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United States District Court, D. New Jersey, Camden Vicinage

October 4, 2005.

EQUITY FINANCIAL GROUP, LLC, et al., Defendants.

The opinion of the court was delivered by: ROBERT KUGLER, Magistrate Judge


Before the Court are motions by Defendants Robert W. Shimer, Vincent J. Firth, and Equity Financial Group, LLC, to dismiss the Counts against them in Plaintiff Commodity Futures Trading Commission's First Amended Complaint for lack of subject matter jurisdiction under Federal Rule of Civil Procedure 12(b)(1) or for failure to state a claim under Rule 12(b)(6). Also before the Court is Defendants' motion for summary judgment. For the reasons provided below, Defendants' motions will be denied in their entirety.

I. Background

  The motions presently before the Court relate to the role of Robert W. Shimer ("Shimer"), Vincent J. Firth ("Firth"), and Equity Financial Group, LLC ("Equity"), (collectively "Equity Defendants"), in a multi-million dollar commodity fraud operated by Defendants Tech Traders and its president Coyt Murray. Between June 2001 and April 2004, Tech Traders allegedly solicited over $47 million in investments by claiming to employ a portfolio trading system that guaranteed significant annual returns. While Tech Traders and its supposedly independent certified public accountant (CPA), Defendant J. Vernon Abernethy, reported substantial monthly and quarterly gains, Tech Traders was actually hemorrhaging money at a remarkable rate, resulting in losses in excess of $20 million. Tech Traders lost at least $7 million in trading commodity futures contracts, and unlawfully appropriated investors' funds to pay salaries, expenses, and make disbursements under the guise of profit.

  The Equity Defendants' liability arises from their control and operation of a related investment group, Shasta Capital Associates, LLC ("Shasta"), which was essentially a feeder fund for Tech Traders. The Commodity Futures Trading Commission ("CFTC" or "Plaintiff") alleges that the Equity Defendants solicited approximately $15 million from 74 investors between June 2001 and March 2004, for the purpose of investing in Tech Traders. Shasta's Private Placement Memorandum informed investors that 99% of this money would be invested for the benefit of Shasta and 1% would be used for management costs. Upon receipt, investor funds were deposited into Shimer's attorney escrow account and then transmitted to Tech Traders. Tech Traders pooled the Shasta funds with its other investment funds and used them, in part, to trade exchange-traded commodity futures contracts and foreign currency contracts.

  Over the course of their relationship with Tech Traders, the Equity Defendants reported tremendous trading profits, even though Shasta was actually losing substantial sums through Tech Traders and apparently failed to generate any profit whatsoever. The Equity Defendants further misled investors by representing that these profit numbers were verified by an independent CPA, Defendant Abernethy, whose results were then affirmed by a second CPA. The CFTC alleges that the Equity Defendants knew or should have known that neither CPA's review was independent and that the results were therefore unverified.

  Shimer, representing himself pro se, filed a motion to dismiss for failure to state a claim, a motion to dismiss for lack of jurisdiction, and a motion for summary judgment on April 14, 2005. Firth joined Shimer's motions on April 15, 2005, and Equity joined on April 28, 2005.*fn1 The motion for summary judgment was dismissed without prejudice, pursuant to a status conference with Magistrate Judge Ann Marie Donio. Shimer and Firth later re-filed motions for summary judgment on July 8, 2005.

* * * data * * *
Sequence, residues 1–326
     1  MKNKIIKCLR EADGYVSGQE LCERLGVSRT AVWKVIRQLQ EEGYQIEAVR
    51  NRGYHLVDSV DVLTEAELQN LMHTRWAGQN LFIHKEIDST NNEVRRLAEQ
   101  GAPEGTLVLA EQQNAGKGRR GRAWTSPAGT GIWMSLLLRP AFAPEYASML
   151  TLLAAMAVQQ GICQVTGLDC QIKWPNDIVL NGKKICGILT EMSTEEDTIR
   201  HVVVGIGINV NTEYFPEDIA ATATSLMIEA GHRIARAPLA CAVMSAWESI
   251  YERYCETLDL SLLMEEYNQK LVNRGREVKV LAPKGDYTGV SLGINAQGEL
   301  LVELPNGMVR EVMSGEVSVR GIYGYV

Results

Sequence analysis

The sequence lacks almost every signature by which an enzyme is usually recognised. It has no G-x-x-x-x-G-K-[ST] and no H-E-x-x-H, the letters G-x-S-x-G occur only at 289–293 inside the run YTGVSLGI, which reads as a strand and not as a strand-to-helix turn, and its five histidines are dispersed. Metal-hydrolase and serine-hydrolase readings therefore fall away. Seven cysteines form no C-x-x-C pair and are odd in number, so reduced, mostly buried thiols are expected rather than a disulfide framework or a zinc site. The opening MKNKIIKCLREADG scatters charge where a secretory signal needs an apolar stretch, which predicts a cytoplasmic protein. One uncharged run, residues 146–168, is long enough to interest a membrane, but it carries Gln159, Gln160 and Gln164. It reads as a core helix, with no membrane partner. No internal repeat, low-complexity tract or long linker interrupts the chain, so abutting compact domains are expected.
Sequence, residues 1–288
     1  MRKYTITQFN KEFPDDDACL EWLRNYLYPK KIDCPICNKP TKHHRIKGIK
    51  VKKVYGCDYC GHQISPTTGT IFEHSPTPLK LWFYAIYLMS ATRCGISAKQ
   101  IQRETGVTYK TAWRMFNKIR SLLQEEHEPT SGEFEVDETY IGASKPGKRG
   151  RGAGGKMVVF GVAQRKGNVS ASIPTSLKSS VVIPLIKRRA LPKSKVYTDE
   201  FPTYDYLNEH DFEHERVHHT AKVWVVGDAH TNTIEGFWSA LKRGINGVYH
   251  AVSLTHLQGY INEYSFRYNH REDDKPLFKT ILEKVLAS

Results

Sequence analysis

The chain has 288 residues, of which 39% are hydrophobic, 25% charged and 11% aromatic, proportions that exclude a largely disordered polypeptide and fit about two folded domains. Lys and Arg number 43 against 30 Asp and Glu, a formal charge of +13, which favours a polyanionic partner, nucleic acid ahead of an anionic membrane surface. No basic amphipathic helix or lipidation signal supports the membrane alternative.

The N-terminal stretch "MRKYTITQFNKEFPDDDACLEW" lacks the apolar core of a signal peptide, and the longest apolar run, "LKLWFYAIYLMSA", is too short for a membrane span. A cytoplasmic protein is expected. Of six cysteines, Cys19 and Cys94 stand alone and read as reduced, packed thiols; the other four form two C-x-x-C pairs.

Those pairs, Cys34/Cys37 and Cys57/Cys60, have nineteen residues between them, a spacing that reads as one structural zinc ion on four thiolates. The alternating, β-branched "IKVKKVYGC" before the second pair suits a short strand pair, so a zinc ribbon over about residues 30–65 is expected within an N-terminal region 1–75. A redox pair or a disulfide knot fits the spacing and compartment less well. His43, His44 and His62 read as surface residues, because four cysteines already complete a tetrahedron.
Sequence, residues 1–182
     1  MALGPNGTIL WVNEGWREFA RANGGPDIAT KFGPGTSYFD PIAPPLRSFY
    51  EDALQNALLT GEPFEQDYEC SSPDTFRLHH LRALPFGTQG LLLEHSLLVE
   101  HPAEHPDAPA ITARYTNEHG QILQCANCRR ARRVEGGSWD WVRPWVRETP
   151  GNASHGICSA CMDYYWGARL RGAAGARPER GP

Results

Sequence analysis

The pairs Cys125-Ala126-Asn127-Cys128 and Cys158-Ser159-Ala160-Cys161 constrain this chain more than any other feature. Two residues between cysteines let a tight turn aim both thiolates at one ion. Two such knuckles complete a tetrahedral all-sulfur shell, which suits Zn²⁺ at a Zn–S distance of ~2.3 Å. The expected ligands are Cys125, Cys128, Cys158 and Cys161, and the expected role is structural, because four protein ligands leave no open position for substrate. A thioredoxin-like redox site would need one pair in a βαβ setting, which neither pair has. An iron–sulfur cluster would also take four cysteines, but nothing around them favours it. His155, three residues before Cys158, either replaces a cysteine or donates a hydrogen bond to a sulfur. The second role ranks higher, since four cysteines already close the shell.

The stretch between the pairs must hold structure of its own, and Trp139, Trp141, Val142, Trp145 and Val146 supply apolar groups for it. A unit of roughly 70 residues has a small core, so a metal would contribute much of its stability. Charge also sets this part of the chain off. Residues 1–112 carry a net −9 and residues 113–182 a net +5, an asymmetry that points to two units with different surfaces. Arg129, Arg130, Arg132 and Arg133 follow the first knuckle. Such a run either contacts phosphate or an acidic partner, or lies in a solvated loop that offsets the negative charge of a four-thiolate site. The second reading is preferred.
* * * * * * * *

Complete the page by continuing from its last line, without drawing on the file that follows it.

II. Discussion

  A. Standard

  Although the Equity Defendants have filed three separate motions, each motion uses essentially the same arguments to dispute the same point: whether Shasta is a "commodity pool" for the purposes of CFTC jurisdiction.*fn2 Because the parties' dispute is essentially one of law, founded on solely legal arguments, the standard this Court applies in resolving the dispute is of little import. Marshall County Health Care Authority v. Shalala, 988 F.2d 1221, 1226 (D.C. Cir. 1993) (holding that where the question the court must address is solely a question of law, there is "no real distinction in this context between the question presented on a 12(b)(6) motion and a motion for summary judgment.").*fn3 Accordingly, this Court will assess the merits of Defendants' argument through the lens of the summary judgment standard.

  Summary judgment is only appropriate where the Court is satisfied that "there is no genuine issue as to any material fact and that the moving party is entitled to a judgment as a matter of law." Fed.R.Civ.P. 56(c); Celotex Corp. v. Catrett, 477 U.S. 317, 330 (1986). The burden of establishing the nonexistence of a "genuine issue" is on the party moving for summary judgment. Celotex, 477 U.S. at 330. The moving party may satisfy this burden by either (1) submitting affirmative evidence that negates an essential element of the nonmoving party's claim; or (2) demonstrating to the Court that the nonmoving party's evidence is insufficient to establish an essential element of the nonmoving party's case. Id. at 331. If the moving party has not fully discharged its initial burden, its motion for summary judgment must be denied. Id. at 332.

  B. Commodity Pool

  Congress amended the Commodity Exchange Act and established the CFTC in 1974 in an attempt to insure "fair practice and honest dealing on the commodity exchanges and provid[e] a measure of control over those forms of speculative activity which often demoralize the markets to the injury of producers, consumers, and the exchanges themselves." S. Rep. No. 1131, 93d Cong. 2d Sess., reprinted in [1974] U.S. Code Cong. & Ad. News, 5843, 5844; Lopez v. Dean Witter Reynolds, Inc., 805 F.2d 880, 883 (9th Cir. 1986). Defendants now argue that their company, Shasta, does not fall under the definition of a commodity pool and is therefore exempt from the jurisdiction of the CFTC.*fn4

  For the purposes of the Commodity Exchange Act, "[p]ool means any investment trust, syndicate or similar form of enterprise operated for the purpose of trading commodity interests." 17 CFR § 4.10 (d)(1). As amended by Congress in 1992, a "commodity pool operator" is defined as: